- Associated Press - Friday, March 4, 2011

OKLAHOMA CITY (AP) - When the NCAA tournament bracket comes out on Selection Sunday, Ray Hoyt is already prepared for the likelihood that no Oklahoma team will be in the 68-team field.

As it stands now, none of the state’s four Division I teams _ Oklahoma, Oklahoma State, Tulsa and Oral Roberts _ figure to make the Big Dance without a surprising run in their conference tournaments. It would be the first time that’s happened since 1981 in a state that loves basketball, if not as much as football.

And perhaps bad timing for Tulsa, which will be hosting early round NCAA games for the first time since 1985.

“You always like to have a local team but I think this year that’s really not going to come to fruition,” said Hoyt, the Tulsa Sports Commission’s executive director. “I still think if we get Texas or Kansas or some of those other (regional) teams … that’ll really sell tickets for us as well.”

Not every state can put a handful of teams into the field, as New York, Ohio, Virginia, Florida and California figure to do. Traditional powers North Carolina and Arizona should be back in along with Kansas, UCLA, Duke and Georgetown _ giving the District of Columbia representation that many states won’t.

Oklahoma isn’t alone. Among the other states that could be underrepresented in the field:

_ Iowa. Neither Iowa or Iowa State has made the NCAA tournament _ or the NIT, for that matter _ since 2006, when the third-seeded Hawkeyes were stunned in the first round by Northwestern State 64-63. In recent years, it’s been Northern Iowa _ remember that stunner over top-seeded Kansas last year? _ and Drake that have represented the state in the Big Dance. But this year none may make it.

_ Illinois. The fading Illini may be the only representative for a state that’s been shut out two of the past three years. Northwestern started the season 9-0 but has wilted in Big Ten play and DePaul _ with just one win in conference play _ is not among nearly a dozen Big East teams hoping to get in.

_ Mississippi._ Mississippi State nearly made it to the NCAAs last season but lost by one to Kentucky in the SEC championship game and had to settle for a top seed in the NIT. This year could become the second in a row the state is shut out if the Bulldogs, Ole Miss or Southern Miss don’t win an automatic bid.

_ Oregon. It’s shaping up to be the fourth time in five years that neither Oregon or Oregon State will be on the bracket, with the Ducks making the only appearance in that span. And much of the rest of the Northwest could go unrepresented, too. Minnesota, Idaho, Montana, the Dakotas, and Wyoming could all get shut out this year.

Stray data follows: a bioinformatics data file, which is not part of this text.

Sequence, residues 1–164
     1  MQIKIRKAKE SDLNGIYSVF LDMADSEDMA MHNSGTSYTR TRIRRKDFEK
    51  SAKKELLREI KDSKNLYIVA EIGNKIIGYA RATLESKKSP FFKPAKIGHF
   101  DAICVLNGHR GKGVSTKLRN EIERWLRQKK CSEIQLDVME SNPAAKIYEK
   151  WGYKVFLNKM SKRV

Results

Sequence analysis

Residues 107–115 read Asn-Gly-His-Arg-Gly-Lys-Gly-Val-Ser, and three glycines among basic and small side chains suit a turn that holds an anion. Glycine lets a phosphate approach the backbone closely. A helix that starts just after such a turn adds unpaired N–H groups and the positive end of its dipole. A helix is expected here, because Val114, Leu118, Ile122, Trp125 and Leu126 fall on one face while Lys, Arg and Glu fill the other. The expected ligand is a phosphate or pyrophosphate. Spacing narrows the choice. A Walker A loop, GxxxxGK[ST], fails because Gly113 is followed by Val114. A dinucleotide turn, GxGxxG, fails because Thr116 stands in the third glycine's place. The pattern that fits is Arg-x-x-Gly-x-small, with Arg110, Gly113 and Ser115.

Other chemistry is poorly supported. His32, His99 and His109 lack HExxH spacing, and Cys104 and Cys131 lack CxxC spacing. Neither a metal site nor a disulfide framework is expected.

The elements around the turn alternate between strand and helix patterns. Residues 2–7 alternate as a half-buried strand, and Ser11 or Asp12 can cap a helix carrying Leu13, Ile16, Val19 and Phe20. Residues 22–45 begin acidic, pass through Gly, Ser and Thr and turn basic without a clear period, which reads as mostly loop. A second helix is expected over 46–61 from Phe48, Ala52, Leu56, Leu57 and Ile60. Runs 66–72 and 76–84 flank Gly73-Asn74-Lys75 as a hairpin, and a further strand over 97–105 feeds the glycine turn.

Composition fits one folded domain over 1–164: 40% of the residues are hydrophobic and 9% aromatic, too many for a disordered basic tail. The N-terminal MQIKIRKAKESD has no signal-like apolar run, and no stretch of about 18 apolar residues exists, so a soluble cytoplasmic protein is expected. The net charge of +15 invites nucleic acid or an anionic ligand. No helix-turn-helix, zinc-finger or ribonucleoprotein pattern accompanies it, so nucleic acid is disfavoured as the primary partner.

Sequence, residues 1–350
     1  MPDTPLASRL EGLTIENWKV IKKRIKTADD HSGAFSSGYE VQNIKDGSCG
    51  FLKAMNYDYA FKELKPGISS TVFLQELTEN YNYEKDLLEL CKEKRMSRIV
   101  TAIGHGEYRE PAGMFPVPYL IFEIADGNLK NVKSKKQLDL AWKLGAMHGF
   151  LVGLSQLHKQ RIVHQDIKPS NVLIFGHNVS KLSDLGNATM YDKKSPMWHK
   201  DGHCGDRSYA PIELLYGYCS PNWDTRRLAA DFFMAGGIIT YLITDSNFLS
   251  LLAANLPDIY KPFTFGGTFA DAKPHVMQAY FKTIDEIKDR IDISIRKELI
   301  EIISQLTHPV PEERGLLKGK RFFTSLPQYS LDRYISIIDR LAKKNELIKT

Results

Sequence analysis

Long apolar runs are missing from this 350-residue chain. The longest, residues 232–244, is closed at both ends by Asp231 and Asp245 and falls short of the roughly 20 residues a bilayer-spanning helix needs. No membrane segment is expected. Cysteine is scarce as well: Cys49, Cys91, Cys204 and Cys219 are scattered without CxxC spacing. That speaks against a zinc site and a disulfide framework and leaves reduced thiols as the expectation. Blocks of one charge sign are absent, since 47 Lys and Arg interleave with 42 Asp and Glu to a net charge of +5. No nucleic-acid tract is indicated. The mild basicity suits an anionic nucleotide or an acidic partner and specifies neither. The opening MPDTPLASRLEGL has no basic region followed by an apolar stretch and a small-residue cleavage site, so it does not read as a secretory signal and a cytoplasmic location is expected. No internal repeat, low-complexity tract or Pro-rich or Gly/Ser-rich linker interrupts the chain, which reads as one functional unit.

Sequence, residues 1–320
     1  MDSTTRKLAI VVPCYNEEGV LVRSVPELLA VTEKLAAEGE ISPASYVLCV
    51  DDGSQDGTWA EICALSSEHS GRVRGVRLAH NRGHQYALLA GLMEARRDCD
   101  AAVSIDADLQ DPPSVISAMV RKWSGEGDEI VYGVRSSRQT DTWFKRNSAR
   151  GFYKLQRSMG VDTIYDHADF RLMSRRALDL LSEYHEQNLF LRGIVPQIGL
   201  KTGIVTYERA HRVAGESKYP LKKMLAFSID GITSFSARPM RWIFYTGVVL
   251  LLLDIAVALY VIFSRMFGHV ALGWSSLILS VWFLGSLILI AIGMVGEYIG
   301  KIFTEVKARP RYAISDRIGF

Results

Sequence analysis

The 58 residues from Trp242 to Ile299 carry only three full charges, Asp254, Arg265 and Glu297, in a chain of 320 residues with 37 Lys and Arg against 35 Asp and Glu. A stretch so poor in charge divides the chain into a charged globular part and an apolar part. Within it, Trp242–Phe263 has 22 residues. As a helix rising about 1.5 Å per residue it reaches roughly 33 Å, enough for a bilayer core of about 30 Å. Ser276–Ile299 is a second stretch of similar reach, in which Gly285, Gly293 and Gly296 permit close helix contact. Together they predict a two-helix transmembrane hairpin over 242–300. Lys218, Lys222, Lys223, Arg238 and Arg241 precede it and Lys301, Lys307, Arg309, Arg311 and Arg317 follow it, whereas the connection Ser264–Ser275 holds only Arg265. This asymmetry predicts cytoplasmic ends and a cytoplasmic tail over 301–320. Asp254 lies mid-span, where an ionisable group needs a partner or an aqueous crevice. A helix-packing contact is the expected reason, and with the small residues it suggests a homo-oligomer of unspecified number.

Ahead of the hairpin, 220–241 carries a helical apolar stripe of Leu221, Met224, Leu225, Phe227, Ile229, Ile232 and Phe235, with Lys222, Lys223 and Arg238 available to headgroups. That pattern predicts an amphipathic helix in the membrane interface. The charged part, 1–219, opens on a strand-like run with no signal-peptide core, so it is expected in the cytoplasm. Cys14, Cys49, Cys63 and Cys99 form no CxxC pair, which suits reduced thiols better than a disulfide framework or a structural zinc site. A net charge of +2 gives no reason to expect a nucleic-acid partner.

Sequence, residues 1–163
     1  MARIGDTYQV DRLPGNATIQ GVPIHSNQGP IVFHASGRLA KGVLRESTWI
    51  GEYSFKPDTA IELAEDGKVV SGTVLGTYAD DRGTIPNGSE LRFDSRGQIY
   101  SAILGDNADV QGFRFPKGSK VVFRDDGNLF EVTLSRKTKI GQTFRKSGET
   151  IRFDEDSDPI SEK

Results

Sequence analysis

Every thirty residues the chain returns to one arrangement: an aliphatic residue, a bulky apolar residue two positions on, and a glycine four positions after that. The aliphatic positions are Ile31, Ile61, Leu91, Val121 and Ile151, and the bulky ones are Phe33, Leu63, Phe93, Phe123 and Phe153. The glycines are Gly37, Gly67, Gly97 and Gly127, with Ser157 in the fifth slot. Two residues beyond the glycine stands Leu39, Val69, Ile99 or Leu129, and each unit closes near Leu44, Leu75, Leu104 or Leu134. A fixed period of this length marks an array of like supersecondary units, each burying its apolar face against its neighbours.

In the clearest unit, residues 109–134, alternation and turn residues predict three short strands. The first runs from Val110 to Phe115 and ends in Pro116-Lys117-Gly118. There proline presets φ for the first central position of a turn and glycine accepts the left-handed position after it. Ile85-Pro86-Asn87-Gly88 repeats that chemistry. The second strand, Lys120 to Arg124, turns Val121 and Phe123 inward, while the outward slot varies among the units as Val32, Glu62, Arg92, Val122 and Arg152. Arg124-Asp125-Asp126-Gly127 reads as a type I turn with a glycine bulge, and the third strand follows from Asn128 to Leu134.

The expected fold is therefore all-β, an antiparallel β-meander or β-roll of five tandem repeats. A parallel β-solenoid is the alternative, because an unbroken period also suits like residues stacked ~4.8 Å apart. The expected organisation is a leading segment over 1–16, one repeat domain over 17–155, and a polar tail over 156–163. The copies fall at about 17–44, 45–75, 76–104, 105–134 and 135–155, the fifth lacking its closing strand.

None of those states have been represented in the tournament as consistently as Oklahoma.

The Sooners have made it to the tournament 22 times in the past 28 years, Oklahoma State has been there 16 times and there’s been only one year when both didn’t make the field. Oral Roberts kept the streak going in 2007 with one of its three consecutive NCAA berths.

Led by future NBA guard Paul Pressey and coach Nolan Richardson, Tulsa started the current streak by making the 1982 tournament.

All four teams have hit roadblocks this season.

Oklahoma, which was a win away from the Final Four two seasons ago with Blake Griffin, had a mass exodus after losing nine straight games to finish last season. Five underclassmen left, none of them as NBA first-round picks, and coach Jeff Capel had just four remaining scholarship players before bringing in a batch of newcomers.

The Sooners are 11th in the Big 12 after losing their last eight games and are in jeopardy of tying the program’s worst losing streak ever, 10 in a row in 1964.

“For our young guys, this is making them better basketball players. This is helping me become a better coach,” Capel said. “I don’t like losing, our guys don’t like losing but this is helping us.”

Oklahoma State surged into the NCAAs after sub-.500 Big 12 starts in Travis Ford’s first two seasons, but hasn’t been able to climb out of a 2-5 hole this year. The Cowboys are just 6-9 in the Big 12.

“Should you get to the finals of the conference tournament, if you have the league fight for you … you never know. We’re sitting there in RPI,” Ford said. “I probably won’t be watching on Selection Sunday. We won’t be having any party or anything.”

Tulsa (17-12, 10-5 Conference USA) and crosstown rival Oral Roberts (17-14, 13-5 Summit) could keep the streak going by winning their conference tournament. ORU earned the No. 2 seed at its league tourney by winning its last eight games.

Still, Tulsa is the only NCAA host site in a state that doesn’t figure to have at least one “local” team in the bracket. Hoyt says Tulsa has sold between 11,000 and 12,000 tickets for the second- and third-round sessions at the approximately 17,000-seat BOK Center.

“I look at it as the cup is half-full and the opportunity is we can sell those last 6,000 seats to people from Texas or Kansas, and that’s certainly a good thing,” Hoyt said.


AP Sports Writers Luke Meredith in Des Moines, Iowa, and Anne M. Peterson in Portland, Ore., and Murray Evans in Oklahoma City contributed to this report.



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